In a preferred embodiment of the present invention, the data capturing system 112 can be a "VICON" system which employs at least four video cameras. The VICON system can be used to capture human limb motion and the like.

A multilinear data analysis application can be stored in the data storage unit 106 of the central server 102. This multilinear data analysis application is capable of recognizing an unknown object, an unknown viewpoint of an object, an unknown illumination, an unknown viewpoint, and the like. Such application can also synthesize a known viewponit that has never before been recorded of an object, as well as an illumination which has previously not been recorded of an object. Further the application can reduce the amount of stored data that describes an object or viewpoint by using dimensionality reduction techniques, and the like. It should be understood that dimensionality reduction is equivalent to compression and data reduction. The multilinear data analysis application preferably utilizes a corpus of data, which is collected using the data capturing system 112 from different objects. The corpus of data is stored in the database 108 of the server 102, and can be organized as a tensor D, which shall be described in further detail as follows.

A tensor, also known as an n-way array or multidimensional matrix or n-mode matrix, is a higher order generalization of a vector (first order tensor) and a matrix (second order tensor). A tensor can be defined as a multi-linear mapping over a set of vector spaces. The tensor can be represented in the following manner:

A e IR ιx X""X N where A is a tensor. The order of the tensor A is N. A tensor is formed by a group of primatives. Each primative is a set of mode vectors, such that a first primative is a set of mode-1 vectors, a second vector is a set of mode-2 vectors, an nth primative is a set of mode-n vectors, etc. In an alternate embodiment, the primatives can be row vectors of a matrix, column vectors of a matrix, index of a vector, etc. An element of tensor A is denoted as ',.,. „...z or aU...in...iN or where 1 < in ≤ In- Scalars are denoted by lower case letters (a, b, ...), vectors by bold lower case letters (a, b ...), matrices by bold upper-case letters (A, B ...), and higher-order tensors by italicized bolded upper-case letters (A, B ...).

In tensor terminology, column vectors are referred to as mode-1 vectors, and row vectors are referred to as mode-2 vectors. Mode-;, vectors of an Ν order tensor A & IR |X 2X,"X N are the In-dimensional vectors obtained from the tensor A by varying index i„ while maintaining the other indices as fixed. The mode-?.
vectors are the column vectors of matrix A(n) e ?/"χC l/2-/"-'/n+1-/w) mat can result from flattening the tensor A, as shown in Figures 12A - 12F. The flattening procedure shall be described in further detail below. The n-rank of tensor A e
/i-/'λ'/-x'"x/,v, denoted Rn> is defined as the dimension of the vector space generated by the mode-?, vectors:
R„ = rankn(A) = r_././c(A(Λ)).

Figures 12A - 12C show third order tensors 1200, 1210, 1220, respectively, each having dimensions Ii x I2 x I3. Figure 12D shows the third order tensor 1200 after having been mode-1 flattened to obtain a matrix 1250 containing mode-1 vectors of the third order tensor 1200. The third order tensor 1200 of Fig. 12A is a cube type structure, while the matrix 1250 is a two dimensional type structure having one index, i.e., I2, imbedded (to a certain degree) within the matrix 1250. Figure 12E shows a matrix 1260 containing mode-2 vectors of the third order tensor 1210 after it has been mode-2 flattened. This third order tensor 1210 is a cube type structure, while the matrix 1260 is a two dimensional type structure having one index, e.g., I3, imbedded (to a certain degree) with the data. Figure 12F shows the third order tensor 1220 after having been mode-3 flattened to obtain a matrix 1270 containing mode-3 vectors of the third order tensor 1220. Such third order tensor 1220 is a cube type structure, while the matrix 1270 organizes is a two dimensional type structure having one index, e.g., Ii, imbedded (to a certain degree) with the data.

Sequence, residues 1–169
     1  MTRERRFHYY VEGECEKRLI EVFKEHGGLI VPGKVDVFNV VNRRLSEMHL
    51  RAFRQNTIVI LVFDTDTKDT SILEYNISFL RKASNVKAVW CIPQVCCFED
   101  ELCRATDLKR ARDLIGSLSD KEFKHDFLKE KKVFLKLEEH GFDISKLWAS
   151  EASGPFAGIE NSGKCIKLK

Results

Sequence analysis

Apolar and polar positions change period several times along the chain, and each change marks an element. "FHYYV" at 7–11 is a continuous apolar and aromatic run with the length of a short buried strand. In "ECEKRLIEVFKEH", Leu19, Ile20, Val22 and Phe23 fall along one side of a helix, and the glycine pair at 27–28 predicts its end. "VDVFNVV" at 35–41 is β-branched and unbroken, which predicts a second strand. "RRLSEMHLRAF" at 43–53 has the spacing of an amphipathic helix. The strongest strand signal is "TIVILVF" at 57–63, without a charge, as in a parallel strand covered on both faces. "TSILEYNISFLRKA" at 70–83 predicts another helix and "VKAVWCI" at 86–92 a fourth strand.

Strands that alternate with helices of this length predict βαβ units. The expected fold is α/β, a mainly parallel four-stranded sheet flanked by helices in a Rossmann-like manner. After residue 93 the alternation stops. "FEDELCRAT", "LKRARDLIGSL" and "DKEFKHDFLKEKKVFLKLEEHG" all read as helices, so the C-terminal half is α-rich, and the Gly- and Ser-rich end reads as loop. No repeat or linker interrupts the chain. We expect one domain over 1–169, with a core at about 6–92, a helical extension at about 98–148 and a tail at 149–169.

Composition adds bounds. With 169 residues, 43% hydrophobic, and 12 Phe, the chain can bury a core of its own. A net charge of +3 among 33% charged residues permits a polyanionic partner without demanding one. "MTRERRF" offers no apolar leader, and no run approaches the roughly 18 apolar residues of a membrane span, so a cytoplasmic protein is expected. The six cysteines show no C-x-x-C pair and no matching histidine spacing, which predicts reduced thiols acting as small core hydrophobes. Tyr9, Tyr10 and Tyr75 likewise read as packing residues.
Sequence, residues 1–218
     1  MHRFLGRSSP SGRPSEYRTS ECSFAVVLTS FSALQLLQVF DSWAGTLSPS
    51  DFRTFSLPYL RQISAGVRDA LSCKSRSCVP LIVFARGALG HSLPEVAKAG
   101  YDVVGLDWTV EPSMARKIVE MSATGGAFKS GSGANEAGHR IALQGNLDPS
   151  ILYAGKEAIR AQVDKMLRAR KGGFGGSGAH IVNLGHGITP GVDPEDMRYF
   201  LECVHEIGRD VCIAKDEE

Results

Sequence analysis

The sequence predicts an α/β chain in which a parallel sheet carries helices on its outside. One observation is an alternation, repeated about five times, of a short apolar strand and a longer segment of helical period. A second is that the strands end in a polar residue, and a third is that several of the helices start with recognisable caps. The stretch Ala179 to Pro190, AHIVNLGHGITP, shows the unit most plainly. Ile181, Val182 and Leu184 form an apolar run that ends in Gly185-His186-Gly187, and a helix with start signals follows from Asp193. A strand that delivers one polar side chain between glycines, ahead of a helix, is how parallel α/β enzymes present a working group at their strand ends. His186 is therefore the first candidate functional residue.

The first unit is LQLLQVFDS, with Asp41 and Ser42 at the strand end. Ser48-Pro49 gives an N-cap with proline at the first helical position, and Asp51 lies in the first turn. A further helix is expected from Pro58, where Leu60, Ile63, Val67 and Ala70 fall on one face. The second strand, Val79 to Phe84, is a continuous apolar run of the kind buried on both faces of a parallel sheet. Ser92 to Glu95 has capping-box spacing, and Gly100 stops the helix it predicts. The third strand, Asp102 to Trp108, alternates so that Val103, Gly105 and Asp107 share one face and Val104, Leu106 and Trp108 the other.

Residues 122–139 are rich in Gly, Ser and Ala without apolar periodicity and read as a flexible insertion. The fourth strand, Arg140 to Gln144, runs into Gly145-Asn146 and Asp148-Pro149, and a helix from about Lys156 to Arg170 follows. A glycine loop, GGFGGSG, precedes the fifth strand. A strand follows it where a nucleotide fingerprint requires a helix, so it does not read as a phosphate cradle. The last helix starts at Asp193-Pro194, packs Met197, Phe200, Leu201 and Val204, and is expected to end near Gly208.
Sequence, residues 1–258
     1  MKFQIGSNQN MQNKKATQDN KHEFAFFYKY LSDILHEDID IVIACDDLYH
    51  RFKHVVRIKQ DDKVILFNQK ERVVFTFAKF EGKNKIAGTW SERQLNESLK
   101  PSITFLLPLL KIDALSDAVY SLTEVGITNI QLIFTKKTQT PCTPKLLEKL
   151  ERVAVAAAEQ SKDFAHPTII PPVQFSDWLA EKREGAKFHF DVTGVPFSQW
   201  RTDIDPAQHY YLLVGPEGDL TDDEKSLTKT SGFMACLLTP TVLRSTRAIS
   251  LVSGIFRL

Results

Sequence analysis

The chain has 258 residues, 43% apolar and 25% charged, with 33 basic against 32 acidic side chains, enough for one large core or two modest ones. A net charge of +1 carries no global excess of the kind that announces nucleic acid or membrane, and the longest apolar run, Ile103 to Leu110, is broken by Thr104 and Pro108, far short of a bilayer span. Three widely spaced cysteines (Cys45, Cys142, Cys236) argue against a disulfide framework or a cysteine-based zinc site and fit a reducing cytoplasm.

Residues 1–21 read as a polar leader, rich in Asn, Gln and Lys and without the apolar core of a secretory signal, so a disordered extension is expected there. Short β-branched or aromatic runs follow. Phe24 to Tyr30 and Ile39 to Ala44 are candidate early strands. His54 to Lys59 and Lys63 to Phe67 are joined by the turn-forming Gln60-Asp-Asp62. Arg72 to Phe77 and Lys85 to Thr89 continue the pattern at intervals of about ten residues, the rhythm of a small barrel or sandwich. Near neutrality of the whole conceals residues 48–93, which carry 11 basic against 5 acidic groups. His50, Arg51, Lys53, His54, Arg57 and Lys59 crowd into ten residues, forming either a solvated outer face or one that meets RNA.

A generalization of the product of two matrices can be the product of the tensor and matrix. The mode-n product of tensor A e jRIiXl2X-xI»x-xlN y a matrix M e IRJ"xI" , denoted by A x„ M, is a tensor B e IR1 - 1"-*-1" 1"^- 1" >

whose entries are B U- ...l ■n-\J ■nl■n+ ,l...l ■N . The entries of the


tensor B are computed by
'Λ iX λi ...i„ j„i,M ...iN ~ j a'V-'»-ιin '»+ι -'Λ Wϊ.„'» "

The mode-/, product can be viewpointsed as B - A x„ M, or in terms of flattened matrices as B „) = MA(„). The mode-?, product of a tensor and a matrix is a special case of the inner product in multilinear algebra and tensor analysis. The mode-n product is often denoted using Einstein summation notation, but for purposes of clarity, the mode-rc product symbol will be used. The mode-n product has the following properties: 1. Given a tensor Ae IR1**-* .*••■*'..••• mc\ two matrices, Ue ZR1" " and
Ve IRJ" I" the following property holds true:
A x,„ U x„ V = (A xm U) x„V
= (A x„ V) x„, U
- A χ„ V xm U
2. Given a tensor _4 e Z ? " and two matrices, Ue IR " " and
Ve lRK<>xi» the following property holds true:
( ( x„ ϋ) x„ V = _ x„ (Vϋ)

An NΛ~order tensor AelR1'*12*'"*1" has a ranlc-1 when it is able to be viewpointsed as the outer product of N vectors: _4=u, o u2 ° • • o uw . The tensor

! element is viewpointsed as .... m = uuu -2j ;- is the . ,i
' *Nm > where u \ h component of u etc. The rank of a N order tensor A, denoted R = rank(_4)5 is the minimal number of rank-1 tensors that yield A in a linear combination:
R
" = Σ , (r)